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Nigeria emerges as e-commerce leader

Nigeria emerges as e-commerce leader

According to news and research firm, Disrupt Africa, Nigeria has emerged as a leader in e-commerce and is home to 40% of Africa's e-commerce ventures.

Gabriella Mulligan, co-founder of Disrupt Africa says the extent of Nigeria's dominance of the African e-commerce landscape is one of the most exciting findings from its recently published report Afri-Shopping: Exploring the African E-commerce Start-up Ecosystem Report 2017.

"For the first time, we have clear evidence of the outstanding trajectory of the country's e-commerce space as being driven by entrepreneurs.

"While South Africa and Kenya have typically stolen the limelight hitherto in conversations about tech entrepreneurship, this research makes it clear Nigeria is on the brink of huge e-commerce success - and will become the first African country to truly take retail online at a similar scale to Western markets."

The company also found that funding for e-commerce start-ups has proven inconsistent throughout the continent as investors are put off by the long wait for returns

Despite this, the company says the African e-commerce space is growing at an exceptional pace, with the number of start-ups entering the market growing year-on-year to reach a total of 264 ventures operating continent-wide.

Scramble for funding

According to Disrupt Africa's statement, less than 30% of African e-commerce start-ups are profitable, as ventures tackle issues such as lack of funding, shortage of trust and logistical difficulties.

"Funding for e-commerce start-ups declined sharply in 2016," according to the statement, "though there are signs that investor interest is picking up again in 2017, the funding available is not well distributed, with 90% of funds raised going to start-ups in just five countries."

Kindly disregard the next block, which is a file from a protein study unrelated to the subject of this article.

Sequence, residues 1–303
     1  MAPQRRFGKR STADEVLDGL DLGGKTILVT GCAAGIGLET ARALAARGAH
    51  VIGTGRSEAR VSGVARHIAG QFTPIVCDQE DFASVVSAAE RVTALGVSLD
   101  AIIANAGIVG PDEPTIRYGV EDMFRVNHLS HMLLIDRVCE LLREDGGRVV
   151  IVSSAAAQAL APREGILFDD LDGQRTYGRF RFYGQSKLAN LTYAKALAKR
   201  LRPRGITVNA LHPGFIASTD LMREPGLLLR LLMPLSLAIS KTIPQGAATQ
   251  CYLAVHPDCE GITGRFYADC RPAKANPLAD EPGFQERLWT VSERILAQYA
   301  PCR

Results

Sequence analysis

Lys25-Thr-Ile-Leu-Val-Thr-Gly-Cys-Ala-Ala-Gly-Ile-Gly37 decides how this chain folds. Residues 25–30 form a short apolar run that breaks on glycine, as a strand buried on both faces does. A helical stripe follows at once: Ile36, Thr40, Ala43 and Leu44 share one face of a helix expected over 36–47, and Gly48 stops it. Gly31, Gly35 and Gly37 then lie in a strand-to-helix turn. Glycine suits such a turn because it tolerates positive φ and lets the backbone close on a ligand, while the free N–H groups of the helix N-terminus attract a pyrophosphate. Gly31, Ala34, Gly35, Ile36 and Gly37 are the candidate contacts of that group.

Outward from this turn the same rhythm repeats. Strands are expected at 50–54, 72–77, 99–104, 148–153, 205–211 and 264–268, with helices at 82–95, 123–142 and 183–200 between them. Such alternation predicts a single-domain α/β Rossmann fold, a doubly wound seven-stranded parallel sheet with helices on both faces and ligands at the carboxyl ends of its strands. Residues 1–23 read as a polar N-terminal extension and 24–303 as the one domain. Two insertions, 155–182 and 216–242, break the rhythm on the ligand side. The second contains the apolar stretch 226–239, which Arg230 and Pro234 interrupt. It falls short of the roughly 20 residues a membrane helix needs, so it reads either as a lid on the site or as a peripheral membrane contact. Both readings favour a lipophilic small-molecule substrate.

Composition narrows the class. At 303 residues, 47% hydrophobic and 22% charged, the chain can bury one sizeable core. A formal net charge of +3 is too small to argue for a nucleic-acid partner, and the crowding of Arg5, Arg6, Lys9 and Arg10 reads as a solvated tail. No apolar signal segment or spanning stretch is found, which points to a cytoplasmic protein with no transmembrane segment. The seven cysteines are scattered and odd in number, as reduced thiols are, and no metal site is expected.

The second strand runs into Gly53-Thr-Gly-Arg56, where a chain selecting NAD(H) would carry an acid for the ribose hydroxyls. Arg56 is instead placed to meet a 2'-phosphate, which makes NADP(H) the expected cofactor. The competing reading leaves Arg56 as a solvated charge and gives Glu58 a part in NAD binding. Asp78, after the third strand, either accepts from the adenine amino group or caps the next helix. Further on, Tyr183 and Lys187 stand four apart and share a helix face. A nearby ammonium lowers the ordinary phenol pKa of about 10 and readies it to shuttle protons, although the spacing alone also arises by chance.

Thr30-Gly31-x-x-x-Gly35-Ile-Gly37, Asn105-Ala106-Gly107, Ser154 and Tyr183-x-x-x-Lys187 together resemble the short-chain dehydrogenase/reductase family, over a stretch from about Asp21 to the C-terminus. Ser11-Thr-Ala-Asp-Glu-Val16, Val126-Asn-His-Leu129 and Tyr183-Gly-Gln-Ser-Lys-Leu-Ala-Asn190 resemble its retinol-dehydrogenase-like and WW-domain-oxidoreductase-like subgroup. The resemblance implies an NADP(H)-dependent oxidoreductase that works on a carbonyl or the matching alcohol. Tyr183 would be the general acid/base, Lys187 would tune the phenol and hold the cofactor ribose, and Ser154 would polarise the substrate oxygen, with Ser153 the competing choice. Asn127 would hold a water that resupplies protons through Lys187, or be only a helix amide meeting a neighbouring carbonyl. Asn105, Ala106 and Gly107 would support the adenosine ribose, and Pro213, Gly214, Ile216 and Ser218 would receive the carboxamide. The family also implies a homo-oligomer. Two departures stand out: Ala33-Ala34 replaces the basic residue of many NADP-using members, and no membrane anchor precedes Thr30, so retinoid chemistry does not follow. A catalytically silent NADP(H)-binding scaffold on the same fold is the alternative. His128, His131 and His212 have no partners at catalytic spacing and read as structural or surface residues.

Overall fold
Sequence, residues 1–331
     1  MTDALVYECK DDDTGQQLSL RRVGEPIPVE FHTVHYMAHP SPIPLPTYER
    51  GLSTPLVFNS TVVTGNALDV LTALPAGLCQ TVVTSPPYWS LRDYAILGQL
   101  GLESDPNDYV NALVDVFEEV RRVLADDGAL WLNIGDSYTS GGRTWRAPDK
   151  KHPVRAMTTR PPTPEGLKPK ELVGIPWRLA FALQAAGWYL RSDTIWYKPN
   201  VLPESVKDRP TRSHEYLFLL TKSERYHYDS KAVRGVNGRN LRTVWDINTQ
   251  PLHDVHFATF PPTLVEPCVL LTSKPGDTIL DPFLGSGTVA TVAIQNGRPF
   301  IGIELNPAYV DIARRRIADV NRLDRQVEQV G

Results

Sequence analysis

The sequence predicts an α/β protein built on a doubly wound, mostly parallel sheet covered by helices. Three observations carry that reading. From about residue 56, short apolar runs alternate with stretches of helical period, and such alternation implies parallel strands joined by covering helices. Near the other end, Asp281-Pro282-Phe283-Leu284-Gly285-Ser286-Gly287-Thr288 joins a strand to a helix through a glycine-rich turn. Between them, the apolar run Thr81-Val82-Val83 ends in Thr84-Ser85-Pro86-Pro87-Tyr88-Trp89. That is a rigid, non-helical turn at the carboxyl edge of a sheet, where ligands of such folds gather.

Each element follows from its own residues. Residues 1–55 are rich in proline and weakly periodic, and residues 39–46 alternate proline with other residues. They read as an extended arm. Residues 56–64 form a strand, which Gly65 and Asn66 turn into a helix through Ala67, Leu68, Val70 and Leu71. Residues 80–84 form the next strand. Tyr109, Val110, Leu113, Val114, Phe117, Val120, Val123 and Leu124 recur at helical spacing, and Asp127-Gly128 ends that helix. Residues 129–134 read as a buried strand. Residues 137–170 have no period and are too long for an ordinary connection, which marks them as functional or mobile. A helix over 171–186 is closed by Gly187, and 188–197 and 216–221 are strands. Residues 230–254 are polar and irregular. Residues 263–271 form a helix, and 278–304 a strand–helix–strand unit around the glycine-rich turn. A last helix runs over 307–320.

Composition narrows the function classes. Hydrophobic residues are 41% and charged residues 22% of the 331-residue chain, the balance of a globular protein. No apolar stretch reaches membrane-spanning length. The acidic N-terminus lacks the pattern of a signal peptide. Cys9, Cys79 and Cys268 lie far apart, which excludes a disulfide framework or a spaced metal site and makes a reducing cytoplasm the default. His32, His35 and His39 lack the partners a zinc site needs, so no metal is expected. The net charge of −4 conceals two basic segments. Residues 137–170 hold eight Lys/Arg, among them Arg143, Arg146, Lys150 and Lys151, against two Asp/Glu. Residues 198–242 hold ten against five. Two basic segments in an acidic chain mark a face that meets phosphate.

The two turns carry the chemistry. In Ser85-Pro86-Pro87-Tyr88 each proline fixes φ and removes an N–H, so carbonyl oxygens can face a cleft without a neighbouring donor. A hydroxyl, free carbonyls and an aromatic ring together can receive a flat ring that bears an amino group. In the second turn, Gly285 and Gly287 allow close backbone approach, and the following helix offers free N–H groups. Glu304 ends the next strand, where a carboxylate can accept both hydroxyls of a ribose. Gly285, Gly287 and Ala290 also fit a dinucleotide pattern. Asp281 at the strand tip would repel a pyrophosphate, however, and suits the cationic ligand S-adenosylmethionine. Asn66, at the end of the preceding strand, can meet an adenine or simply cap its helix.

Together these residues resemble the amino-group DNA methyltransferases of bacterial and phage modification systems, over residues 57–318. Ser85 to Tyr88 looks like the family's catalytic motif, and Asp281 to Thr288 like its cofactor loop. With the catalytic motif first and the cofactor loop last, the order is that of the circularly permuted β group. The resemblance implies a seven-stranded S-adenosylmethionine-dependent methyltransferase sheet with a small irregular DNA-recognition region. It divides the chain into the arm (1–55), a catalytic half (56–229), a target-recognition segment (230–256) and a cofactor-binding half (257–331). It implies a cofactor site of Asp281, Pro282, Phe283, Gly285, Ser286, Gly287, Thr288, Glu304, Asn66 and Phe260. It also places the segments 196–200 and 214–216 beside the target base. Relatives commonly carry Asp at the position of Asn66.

"South Africa, whose start-ups compete with their Nigerian rivals for fundraising capabilities, and Kenya also have developed e-commerce markets."

Dobek Pater, Managing Director at Africa Analysis, said, "Some of the challenges are market-specific while others are specific to start-ups across various industries, irrespective whether they are active in the e-Commerce or other markets."

Pater says limited access to funding is a challenge as it would allow start-ups to survive the first few years of operation until such time as they have good cash flow and/or have become profitable and sustainable.

He says greater access to technology is needed to further drive e-commerce. "Improved internet access, telecoms broadband infrastructure, access to IT terminals (eg. PCs), greater data affordability (in some markets), can help drive the e-commerce market in the continent."

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